Pumas are more social than previously thoughtPumas, long known as solitary carnivores, are more social than previously thought, according to a study led by conservation organization Panthera and co-authored by UC Davis and the American Museum of Natural History.
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Phys.org - latest science and technology news stories

Using penguins to monitor ocean health may be ineffectivePenguins are noisy, as any visitor to an aquarium knows. Penguins may be noisy in others ways too, according to a new study published in Nature Communications. Scientists have long used Adélie penguin populations to monitor the health of the Southern Ocean and to understand how major factors such as fishing and climate change impact the oceans and the animals that rely on them. Now an extensive an
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Phys.org - latest science and technology news stories

Apple trees bear more fruit when surrounded by good neighborsApple growers want to get the most out of their high-value cultivars, and a Purdue University study shows they might want to focus on the types of apples they plant near those cash crops.
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Phys.org - latest science and technology news stories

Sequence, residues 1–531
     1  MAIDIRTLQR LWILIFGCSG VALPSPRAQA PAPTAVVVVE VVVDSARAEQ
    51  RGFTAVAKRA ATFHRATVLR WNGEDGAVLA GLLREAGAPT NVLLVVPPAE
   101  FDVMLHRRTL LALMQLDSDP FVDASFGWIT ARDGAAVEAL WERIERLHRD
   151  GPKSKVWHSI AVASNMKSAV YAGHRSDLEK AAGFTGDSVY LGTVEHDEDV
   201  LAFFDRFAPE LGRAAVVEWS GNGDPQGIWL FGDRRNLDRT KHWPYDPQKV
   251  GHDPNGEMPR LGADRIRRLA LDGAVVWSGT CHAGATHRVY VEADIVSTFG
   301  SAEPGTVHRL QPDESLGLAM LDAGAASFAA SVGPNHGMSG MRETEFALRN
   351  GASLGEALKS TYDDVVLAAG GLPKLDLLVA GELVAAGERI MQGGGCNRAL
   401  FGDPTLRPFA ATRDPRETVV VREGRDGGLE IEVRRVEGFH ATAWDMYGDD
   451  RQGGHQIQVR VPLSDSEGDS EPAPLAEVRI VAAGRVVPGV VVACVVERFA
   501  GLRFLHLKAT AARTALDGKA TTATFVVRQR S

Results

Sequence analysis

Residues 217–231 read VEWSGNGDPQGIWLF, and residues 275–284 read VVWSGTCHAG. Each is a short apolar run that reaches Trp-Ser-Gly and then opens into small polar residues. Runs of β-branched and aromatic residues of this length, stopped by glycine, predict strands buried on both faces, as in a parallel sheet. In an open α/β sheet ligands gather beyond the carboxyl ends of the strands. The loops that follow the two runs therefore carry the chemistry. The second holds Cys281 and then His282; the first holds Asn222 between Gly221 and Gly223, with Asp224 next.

Scientists discover more than 600 new periodic orbits of the famous three-body problemThe famous three-body problem can be traced back to Isaac Newton in 1680s. Studies on the three-body problem led to the discovery of the so-called sensitivity dependence of initial condition (SDIC) of chaotic dynamic systems. Today, chaotic dynamics are widely regarded as the third great scientific revolution in physics in 20th century, comparable to relativity and quantum mechanics. Thus, studies
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Phys.org - latest science and technology news stories

Artificial intelligence comes to the real estate marketWhile providing services to real estate agents, EnterUp Tecnologia, a startup based in São José do Rio Preto city, Brazil, identified a problematic gap between demand and supply in the online real estate market. Search tools offered by websites and apps cannot yet meet consumers' expectations with satisfactory speed, and users are often confused by the myriad of options when looking for a property